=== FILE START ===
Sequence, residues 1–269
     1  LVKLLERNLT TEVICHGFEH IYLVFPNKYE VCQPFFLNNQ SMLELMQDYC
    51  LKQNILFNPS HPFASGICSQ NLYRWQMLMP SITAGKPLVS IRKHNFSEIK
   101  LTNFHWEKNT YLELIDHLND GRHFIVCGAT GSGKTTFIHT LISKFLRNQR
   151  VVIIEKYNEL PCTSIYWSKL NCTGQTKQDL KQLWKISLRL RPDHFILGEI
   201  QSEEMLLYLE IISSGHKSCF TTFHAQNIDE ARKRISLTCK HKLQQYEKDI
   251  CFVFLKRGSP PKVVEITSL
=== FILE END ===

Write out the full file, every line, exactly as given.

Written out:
Sequence, residues 1–269
     1  LVKLLERNLT TEVICHGFEH IYLVFPNKYE VCQPFFLNNQ SMLELMQDYC
    51  LKQNILFNPS HPFASGICSQ NLYRWQMLMP SITAGKPLVS IRKHNFSEIK
   101  LTNFHWEKNT YLELIDHLND GRHFIVCGAT GSGKTTFIHT LISKFLRNQR
   151  VVIIEKYNEL PCTSIYWSKL NCTGQTKQDL KQLWKISLRL RPDHFILGEI
   201  QSEEMLLYLE IISSGHKSCF TTFHAQNIDE ARKRISLTCK HKLQQYEKDI
   251  CFVFLKRGSP PKVVEITSL